About this Page 
This page is maintained by Peter
Hellekalek.
On this page, you will find links to free software for random
number generation and testing,
for Monte Carlo and quasiMonte Carlo applications and for cryptography.
Further information on RNGs is available on our Generators and on our Links/Cryptographic Random Numbers pages.
For statistical tests,
we would like to point to our Tests page.

Personal Recommendation 
In my opinion, the state of the art is like this:
 If you need splitting facilities for your generator,
for example in parallel simulation,
then use the RNG by L'Ecuyer et al. (2002; see below),
 if you do not need these splitting facilities,
then use the excellent RNGs of Matsumoto et al. (see TT800 and
Mersenne Twister below), or the Wellgenerators
(see
Panneton, P. L'Ecuyer, and M. Matsumoto, ``Improved LongPeriod Generators Based on Linear Recurrences Modulo 2'', ACM Transactions on Mathematical Software, 32, 1 (2006), 116,
or one of LiYuan Deng's huge RNGs.
 if you need to employ an efficient
nonlinear RNG, then use AES in counter mode (see my joint paper
with Wegenkittl below) or some good stream cipher (see below),

if you need to test (hardware or software) RNGs,
then use the TESTU01
battery of
Pierre L'Ecuyer and Richard Simard (Montreal University, Canada)
and, finally,
 if you need nonuniform
random variates, turn to the
ANURANUNURAN package of Leydold
et al. referenced below (google also for "ARVAG"  Automatic Nonuniform Random
Variate Generation).
For all those references,
there is code available from the authors.
Please note that this is a highly personal choice and that there are other
good generators around.
I have tried to select those algorithms or packages which
come with strong theoretical support and which are state of the art.

Nonlinear RNGs from Cryptography 
As for cryptographic random number generators,
we would like to point the reader to the
eSTREAM
project for code and cryptanalysis of various stream ciphers,
and to
AES
as a random number generator.
All those RNGs are nonlinear and trimmed for efficiency.

AES as a Random Number Generator 
There are the fast and reliable RNGs of Matsumoto
(TT800 and Mersenne Twister), there are the equally fast and
reliable RNGs of L'Ecuyer et al., but there has been no nonlinear
RNG available that has both a huge period length and is numerically
efficient at the same time. This situation has changed: simply
use AES in counter mode. There is numerical evidence available
that this is a good RNG: pLab members Stefan
Wegenkittl and Peter
Hellekalek have tested AES, the advanced encryption standard,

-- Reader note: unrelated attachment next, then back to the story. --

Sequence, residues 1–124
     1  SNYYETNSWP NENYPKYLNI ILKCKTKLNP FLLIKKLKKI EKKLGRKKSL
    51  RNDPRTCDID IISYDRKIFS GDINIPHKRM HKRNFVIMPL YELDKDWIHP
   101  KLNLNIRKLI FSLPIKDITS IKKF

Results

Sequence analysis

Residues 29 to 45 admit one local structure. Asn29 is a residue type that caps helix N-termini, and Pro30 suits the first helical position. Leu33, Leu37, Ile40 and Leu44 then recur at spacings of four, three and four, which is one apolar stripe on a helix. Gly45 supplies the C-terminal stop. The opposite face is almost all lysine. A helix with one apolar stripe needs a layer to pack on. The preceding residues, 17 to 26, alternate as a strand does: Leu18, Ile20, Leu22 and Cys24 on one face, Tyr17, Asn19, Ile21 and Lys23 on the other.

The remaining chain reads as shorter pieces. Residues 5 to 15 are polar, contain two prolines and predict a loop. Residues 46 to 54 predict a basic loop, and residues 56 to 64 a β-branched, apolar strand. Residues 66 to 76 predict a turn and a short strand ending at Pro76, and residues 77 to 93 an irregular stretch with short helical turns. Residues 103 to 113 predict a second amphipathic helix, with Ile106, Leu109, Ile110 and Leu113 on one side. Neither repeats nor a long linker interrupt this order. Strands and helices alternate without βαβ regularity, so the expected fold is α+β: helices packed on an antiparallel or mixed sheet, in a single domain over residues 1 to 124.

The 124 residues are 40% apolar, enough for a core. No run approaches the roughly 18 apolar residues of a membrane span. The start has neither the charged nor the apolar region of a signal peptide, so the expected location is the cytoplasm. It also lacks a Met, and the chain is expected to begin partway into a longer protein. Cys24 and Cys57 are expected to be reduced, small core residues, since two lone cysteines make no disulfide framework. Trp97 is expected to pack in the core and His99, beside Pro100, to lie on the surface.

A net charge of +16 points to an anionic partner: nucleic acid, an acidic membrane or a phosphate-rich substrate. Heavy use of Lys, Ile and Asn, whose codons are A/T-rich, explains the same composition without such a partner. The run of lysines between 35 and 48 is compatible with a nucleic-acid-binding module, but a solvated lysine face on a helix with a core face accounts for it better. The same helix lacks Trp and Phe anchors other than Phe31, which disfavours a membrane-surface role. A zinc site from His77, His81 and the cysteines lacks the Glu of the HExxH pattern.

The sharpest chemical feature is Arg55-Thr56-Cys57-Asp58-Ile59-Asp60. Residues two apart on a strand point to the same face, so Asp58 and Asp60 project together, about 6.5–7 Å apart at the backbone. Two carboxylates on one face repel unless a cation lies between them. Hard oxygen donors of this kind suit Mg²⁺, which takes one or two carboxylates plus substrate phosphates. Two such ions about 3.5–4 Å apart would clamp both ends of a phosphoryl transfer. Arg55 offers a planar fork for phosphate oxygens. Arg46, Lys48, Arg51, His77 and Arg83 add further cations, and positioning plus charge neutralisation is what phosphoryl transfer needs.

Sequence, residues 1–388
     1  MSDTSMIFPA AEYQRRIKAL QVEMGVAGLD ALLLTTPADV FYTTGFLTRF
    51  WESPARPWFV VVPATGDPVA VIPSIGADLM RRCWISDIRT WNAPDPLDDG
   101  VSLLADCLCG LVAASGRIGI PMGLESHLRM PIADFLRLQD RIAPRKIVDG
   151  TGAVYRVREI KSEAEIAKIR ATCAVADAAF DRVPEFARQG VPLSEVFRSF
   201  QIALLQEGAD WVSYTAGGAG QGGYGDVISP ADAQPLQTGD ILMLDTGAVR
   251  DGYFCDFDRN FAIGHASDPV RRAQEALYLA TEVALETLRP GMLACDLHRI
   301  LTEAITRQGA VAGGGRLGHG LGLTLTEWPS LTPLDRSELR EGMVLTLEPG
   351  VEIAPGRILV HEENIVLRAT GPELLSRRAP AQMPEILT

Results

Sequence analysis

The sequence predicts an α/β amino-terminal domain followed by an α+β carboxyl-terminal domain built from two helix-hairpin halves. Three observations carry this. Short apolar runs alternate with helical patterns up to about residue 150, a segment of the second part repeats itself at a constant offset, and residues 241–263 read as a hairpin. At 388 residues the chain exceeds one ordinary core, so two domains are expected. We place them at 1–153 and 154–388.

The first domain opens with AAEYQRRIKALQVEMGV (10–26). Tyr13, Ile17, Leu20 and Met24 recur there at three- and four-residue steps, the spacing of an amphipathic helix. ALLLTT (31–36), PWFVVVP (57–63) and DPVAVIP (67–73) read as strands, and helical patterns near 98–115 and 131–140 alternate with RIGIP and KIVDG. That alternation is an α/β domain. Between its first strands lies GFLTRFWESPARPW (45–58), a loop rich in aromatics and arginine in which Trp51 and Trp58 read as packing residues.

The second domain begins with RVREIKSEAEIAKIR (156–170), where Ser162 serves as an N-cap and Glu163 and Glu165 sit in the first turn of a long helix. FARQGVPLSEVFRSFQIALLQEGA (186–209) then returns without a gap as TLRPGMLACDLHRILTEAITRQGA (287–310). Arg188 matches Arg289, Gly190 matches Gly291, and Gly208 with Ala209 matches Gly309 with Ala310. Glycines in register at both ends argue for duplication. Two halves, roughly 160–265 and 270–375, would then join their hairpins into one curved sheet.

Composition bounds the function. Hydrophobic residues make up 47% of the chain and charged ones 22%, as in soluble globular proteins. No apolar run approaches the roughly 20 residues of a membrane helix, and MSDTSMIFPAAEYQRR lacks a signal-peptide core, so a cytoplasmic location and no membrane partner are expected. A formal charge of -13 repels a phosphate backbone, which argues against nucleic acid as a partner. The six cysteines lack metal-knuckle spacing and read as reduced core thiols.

in random generator modes. The results were convincing, the
paper is available
online from our ftp server. This paper also contains a discussion
of Maurer's Universal Statistical Test. 
RNG Code with Splitting 
If you want to generate random numbers in parallel
or need several streams of random numbers at once: read the
P. L'Ecuyer, R. Simard, E. J. Chen, and W. D. Kelton,
``An ObjectedOriented RandomNumber Package with Many Long
Streams and Substreams'', Operations Research, 50, 6 (2002),
10731075. The code in C, C++, Java, and FORTRAN: is available
from
L'Ecuyer's webpage (see his list of publications).

Spectral Test Server 
Our Spectral
Test Server is available. The spectral test is the most
powerful practical figure of merit for linear types of random
number generators. It allows to check for correlations between
random numbers in the output stream of a random number generator,
provided that the generation is done with an appropriate (linear)
algorithm. 
AES Implementation in C++

pLab member Gerhard
Wesp has implemented Rijndael, in other words, the Advanced
Encryption Standard AES,
in C++. The implementation is available via the Rijndael
home page 
Otmar Lendl's package for
LCGs, ICGs, EICGs, and other RNGs

pLab member Otmar Lendl has created
portable, highperformance ANSIC implementations of linear
congruential, inversive congruential, and explicit inversive
congruential random number generators (called LCG, ICG and EICG,
respectively). The sourcecode is available in tared or ziped
format. 
Makoto Matsumoto's Huge RNGs

Extremely fast and reliable RNGs are available
from Makoto Matsumoto, see TT800
and the Mersenne
Twister (MT). Many specialists in the field of random number
generation consider MT as one of the current champions,
i.e. one of the best RNGs available for stochastic simulation. 
Nonuniform Random Numbers

Josef Leydold and Wolfgang Hoermann of the University
of Economics Vienna have written a library of functions to generate
nonuniform random numbers called UNURAN.
Together with the uniform RNGs discussed above, a practitioner
will be able to work with stateoftheart algorithms. 
Nonuniform Random Numbers
with Lipschitz densities

Gleb Beliakov offers
RanLip,
a universal nonuniform random variate generator
for Lipschitzcontinous densities.
RanLip generates random variates with an arbitrary mutlivariate
Lipschitz density.
Downloads are available for Unix/Linux and Windows. 
Statistical Tests

There are two established test batteries,
the famous
DIEHARD battery
of George Marsaglia,
and the NIST battery
of the National Institute of Standards and Technology. 
More Software

More links to software are available on our Random
Numbers and Monte Carlo Methods page, which is part of the
WWW Virtual Library